Vedamurthy Adhiyaman is a geriatrician working is North Wales. Here he discusses why we should redefine old age. He tweets @adhiyamanv
Western literature arbitrarily defines old age as people above the age of 65 (Oxford textbook of geriatric medicine, Wikipedia etc). Few authors subdivide old age further as young old (65-74), old (75-84) and old-old (85+). This would make our reigning monarch ‘old-old’ and the next in line to the throne and our patron, old (not sure whether he would like to be called old…). And definitions of old age vary according to different parts of the world. For African countries, the United Nations set the age 60+ and the WHO defines 50+ as old. Dictionaries define old age as a later part of normal life without defining any numbers.
Nowadays a majority of people above the age of 65 remain very active, healthy and refuse to accept that they are old. A recently retired 65-year-old doctor wrote that he is still very active and working and did not want to enjoy the benefits of old age, like the free bus pass. A common saying is that old age ‘creeps up’ but we do not just get old as time passes, instead we continue to grow and mature until we reach a certain period which varies from individual to individual as ageing is multidimensional.
Generally, people don’t like being called old and many get upset when they are under the ‘care of the elderly’ either as in-patients or in outpatient clinics. However, many people use the term ‘getting old’ to justify some of their actions like forgetting to do things, to retire early, or to receive benefits.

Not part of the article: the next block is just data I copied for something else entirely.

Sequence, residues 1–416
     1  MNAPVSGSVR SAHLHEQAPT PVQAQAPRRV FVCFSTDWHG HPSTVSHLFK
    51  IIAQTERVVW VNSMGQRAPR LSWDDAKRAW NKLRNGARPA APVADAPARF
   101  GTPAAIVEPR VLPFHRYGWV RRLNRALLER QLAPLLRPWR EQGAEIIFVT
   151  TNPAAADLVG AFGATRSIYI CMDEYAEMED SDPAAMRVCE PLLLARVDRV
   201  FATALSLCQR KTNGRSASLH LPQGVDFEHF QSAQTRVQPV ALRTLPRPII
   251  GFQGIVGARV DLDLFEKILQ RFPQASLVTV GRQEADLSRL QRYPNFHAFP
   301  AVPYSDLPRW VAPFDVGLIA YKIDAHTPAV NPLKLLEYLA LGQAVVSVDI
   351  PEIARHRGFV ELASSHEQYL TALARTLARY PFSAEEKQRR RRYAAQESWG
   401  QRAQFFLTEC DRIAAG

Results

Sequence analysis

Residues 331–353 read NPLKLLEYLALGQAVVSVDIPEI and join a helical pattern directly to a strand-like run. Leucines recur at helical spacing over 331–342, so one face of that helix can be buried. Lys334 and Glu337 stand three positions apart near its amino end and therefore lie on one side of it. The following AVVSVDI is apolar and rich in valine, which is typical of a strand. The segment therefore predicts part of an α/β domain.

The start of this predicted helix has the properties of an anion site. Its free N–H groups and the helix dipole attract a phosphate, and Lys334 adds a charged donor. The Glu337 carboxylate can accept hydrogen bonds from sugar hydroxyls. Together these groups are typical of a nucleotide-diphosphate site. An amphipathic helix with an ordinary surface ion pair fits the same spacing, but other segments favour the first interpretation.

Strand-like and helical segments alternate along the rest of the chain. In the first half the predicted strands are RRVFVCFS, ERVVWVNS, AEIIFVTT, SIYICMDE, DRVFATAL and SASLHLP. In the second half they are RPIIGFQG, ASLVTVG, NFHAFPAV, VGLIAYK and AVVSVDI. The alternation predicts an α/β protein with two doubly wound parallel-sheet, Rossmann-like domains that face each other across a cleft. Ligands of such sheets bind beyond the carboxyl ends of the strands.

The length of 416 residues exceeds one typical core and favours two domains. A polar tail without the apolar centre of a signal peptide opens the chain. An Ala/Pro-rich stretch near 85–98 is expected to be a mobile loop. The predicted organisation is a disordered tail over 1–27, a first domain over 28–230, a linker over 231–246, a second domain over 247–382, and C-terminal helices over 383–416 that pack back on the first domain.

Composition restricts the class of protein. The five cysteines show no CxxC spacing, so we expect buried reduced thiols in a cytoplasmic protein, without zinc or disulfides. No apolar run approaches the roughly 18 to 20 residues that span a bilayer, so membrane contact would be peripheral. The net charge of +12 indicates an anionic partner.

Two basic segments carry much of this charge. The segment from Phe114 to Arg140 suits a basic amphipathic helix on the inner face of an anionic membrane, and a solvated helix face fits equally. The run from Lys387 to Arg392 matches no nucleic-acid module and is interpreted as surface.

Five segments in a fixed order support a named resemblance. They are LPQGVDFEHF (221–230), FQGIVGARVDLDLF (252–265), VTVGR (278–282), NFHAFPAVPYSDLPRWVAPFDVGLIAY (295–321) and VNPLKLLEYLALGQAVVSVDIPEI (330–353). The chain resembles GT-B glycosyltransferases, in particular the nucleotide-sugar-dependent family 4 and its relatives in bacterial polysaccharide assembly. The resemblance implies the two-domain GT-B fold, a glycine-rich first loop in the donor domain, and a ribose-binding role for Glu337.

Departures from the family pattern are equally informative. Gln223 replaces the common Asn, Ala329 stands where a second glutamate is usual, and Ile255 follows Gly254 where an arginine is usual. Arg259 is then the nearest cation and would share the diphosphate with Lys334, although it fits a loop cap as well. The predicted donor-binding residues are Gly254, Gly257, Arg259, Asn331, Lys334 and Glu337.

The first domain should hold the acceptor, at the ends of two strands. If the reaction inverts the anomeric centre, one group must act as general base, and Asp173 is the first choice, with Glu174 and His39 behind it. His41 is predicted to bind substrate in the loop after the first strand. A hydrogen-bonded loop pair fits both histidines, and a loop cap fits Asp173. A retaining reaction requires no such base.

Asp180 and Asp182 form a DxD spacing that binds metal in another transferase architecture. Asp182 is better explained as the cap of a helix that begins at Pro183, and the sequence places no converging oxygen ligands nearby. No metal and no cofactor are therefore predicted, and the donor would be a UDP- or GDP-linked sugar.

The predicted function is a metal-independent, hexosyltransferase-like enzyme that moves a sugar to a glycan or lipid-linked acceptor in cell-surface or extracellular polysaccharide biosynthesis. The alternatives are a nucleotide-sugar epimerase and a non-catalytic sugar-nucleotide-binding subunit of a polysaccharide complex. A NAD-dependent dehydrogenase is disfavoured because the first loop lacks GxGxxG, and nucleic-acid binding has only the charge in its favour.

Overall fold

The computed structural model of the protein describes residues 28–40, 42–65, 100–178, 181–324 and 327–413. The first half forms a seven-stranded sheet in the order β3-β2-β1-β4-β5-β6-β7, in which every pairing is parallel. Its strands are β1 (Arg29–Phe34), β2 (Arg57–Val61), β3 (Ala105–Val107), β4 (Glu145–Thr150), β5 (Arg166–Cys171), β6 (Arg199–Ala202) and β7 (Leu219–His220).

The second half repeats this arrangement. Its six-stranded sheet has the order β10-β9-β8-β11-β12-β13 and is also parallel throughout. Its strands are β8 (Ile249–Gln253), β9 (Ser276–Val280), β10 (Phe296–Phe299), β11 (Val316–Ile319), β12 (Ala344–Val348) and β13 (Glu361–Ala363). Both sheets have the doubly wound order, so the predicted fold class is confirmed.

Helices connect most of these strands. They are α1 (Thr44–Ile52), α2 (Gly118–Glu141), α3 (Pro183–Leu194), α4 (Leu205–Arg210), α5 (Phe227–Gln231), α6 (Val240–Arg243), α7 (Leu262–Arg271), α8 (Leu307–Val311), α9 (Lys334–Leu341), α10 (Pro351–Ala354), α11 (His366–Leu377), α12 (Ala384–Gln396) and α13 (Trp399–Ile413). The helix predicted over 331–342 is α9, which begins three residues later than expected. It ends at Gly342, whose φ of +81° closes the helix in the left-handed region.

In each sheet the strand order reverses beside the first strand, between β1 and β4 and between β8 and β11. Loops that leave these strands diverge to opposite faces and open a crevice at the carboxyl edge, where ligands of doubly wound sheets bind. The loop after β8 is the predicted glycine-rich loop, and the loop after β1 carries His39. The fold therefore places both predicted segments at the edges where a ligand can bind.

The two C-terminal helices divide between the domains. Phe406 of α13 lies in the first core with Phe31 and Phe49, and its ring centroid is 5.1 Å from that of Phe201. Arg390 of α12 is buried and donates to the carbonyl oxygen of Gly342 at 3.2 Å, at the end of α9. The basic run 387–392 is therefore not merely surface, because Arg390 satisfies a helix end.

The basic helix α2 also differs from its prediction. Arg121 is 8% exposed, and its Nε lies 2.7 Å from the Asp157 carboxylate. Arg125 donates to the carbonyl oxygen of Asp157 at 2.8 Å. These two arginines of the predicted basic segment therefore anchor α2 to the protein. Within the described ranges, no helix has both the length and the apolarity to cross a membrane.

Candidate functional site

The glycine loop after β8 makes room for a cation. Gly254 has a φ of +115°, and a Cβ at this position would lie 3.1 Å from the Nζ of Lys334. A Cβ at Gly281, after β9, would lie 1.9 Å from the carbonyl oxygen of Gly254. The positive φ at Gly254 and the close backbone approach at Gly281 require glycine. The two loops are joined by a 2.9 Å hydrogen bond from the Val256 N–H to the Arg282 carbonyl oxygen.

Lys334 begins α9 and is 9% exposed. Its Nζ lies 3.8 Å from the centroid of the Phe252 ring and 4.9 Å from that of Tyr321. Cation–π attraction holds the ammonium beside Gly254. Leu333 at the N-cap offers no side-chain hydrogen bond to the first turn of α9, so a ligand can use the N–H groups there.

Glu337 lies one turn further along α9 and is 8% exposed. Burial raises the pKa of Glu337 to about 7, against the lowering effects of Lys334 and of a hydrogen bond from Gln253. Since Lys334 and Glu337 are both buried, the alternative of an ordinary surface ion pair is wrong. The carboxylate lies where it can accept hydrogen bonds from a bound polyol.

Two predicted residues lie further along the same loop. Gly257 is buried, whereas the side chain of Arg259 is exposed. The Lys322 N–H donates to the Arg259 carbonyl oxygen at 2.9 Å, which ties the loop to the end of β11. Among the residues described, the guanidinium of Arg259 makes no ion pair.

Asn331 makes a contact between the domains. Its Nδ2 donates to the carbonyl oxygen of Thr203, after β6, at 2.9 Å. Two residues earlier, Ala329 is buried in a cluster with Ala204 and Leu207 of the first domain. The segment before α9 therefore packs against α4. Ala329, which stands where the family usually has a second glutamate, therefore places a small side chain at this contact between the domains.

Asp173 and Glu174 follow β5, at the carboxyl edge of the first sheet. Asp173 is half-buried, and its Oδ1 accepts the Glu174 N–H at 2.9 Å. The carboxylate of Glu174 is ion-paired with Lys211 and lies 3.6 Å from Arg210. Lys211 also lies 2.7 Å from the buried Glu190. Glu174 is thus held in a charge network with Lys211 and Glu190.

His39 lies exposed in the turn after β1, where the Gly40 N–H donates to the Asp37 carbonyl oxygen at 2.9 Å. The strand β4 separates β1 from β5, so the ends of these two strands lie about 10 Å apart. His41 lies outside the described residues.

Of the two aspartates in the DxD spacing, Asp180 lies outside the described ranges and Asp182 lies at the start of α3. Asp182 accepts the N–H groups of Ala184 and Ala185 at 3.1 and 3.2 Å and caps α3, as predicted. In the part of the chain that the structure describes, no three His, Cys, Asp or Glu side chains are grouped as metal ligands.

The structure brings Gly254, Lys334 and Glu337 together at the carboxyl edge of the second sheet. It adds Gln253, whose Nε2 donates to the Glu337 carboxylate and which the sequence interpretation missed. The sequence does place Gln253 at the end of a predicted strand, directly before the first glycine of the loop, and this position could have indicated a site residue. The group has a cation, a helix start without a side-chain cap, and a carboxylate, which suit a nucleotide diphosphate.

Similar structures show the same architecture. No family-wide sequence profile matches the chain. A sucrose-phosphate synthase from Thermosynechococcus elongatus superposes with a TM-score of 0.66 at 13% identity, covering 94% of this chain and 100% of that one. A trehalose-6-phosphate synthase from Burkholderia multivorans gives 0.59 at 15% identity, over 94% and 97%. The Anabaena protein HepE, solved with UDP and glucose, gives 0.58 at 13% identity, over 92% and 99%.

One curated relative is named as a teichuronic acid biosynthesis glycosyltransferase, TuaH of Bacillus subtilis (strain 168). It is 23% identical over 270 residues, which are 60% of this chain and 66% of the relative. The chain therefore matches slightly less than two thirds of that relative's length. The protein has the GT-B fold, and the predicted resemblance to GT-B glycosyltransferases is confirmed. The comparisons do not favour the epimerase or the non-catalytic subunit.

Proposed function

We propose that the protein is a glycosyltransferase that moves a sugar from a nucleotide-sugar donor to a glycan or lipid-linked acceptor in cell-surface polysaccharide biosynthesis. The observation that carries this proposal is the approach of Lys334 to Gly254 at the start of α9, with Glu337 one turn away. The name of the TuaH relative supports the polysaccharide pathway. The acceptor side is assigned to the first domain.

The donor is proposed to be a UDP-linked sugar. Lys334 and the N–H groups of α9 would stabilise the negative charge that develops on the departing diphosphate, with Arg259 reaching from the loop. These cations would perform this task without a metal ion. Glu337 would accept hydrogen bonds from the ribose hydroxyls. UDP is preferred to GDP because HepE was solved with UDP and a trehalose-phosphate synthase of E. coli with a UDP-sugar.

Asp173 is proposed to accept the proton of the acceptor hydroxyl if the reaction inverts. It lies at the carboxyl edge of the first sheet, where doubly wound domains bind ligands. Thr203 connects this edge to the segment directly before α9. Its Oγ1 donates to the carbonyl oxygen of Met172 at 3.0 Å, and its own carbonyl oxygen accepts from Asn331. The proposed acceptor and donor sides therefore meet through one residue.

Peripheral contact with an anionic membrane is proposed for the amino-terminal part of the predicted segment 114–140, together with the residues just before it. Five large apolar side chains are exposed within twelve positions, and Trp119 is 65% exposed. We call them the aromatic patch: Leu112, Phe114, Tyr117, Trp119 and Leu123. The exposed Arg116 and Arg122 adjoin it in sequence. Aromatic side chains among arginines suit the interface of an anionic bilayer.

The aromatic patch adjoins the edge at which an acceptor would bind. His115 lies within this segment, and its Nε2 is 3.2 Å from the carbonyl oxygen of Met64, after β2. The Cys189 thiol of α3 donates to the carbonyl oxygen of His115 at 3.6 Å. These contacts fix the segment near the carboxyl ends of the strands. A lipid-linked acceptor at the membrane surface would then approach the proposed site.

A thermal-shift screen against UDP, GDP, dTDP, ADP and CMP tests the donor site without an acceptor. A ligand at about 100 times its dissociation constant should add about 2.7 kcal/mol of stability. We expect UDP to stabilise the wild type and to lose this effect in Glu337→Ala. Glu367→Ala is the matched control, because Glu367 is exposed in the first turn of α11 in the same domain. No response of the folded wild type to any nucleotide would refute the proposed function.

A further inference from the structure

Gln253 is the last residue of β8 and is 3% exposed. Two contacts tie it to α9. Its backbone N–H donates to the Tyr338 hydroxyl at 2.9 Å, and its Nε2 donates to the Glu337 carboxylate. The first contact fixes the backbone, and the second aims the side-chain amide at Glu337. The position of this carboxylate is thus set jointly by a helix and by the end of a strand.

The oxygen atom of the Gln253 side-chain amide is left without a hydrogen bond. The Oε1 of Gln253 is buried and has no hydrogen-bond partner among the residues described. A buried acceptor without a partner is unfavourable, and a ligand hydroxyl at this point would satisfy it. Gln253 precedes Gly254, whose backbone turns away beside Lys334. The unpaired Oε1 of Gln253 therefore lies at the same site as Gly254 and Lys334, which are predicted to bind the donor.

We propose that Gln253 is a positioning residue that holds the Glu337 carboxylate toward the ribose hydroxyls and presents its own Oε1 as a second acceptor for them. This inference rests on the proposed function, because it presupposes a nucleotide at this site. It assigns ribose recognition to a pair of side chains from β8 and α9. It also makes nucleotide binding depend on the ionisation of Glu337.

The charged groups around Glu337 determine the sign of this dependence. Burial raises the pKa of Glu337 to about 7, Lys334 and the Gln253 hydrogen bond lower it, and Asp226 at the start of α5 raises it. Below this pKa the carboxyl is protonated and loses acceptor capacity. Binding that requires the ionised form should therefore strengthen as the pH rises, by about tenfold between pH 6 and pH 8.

If age is just a number, when does old age start? Perception of old age changes when people mature and a survey revealed that it ranged from 59-73 years of age.
True age is not the numbers of years one had lived but should also include the effects of health and cognitive function. The disease spectrum associated with old age is constantly changing and we are recognizing many conditions in older people previously thought to affect only the younger.
One could argue that there is very little to gain by defining a person based on their chronological age, as we provide a need based care and started using the frailty model to prognosticate and measure outcomes instead of using the chronological age. But many hospitals in the UK use a cut off of 75 as an admission policy to the care of the elderly units and 65 as a cut off of for admission to frailty units. But this is totally obsolete, because it has no scientific basis and hasn’t been revised for many decades despite the increase in life expectancy.
So, is there a need to define old age? Yes, and some examples include: in epidemiological studies to monitor disease patterns with relation to age, to use age as one of the variables to study outcomes, effect of age on treatment outcomes, impact of age on symptoms etc. I suggest we define chronological old age as above 75, old-old as above 85 and oldest old as above 95 in developed countries, even though there might be concerns about its impact on the retirement age, pensions and other benefits linked with old age (like free bus pass).
Since there is no consensus in the Western literature, I call upon the expertise of the BGS, celebrating its 70th anniversary to take forward the process of redefining old age with a clear emphasis that it should not provide a political cause for depriving the social care for people who need it most.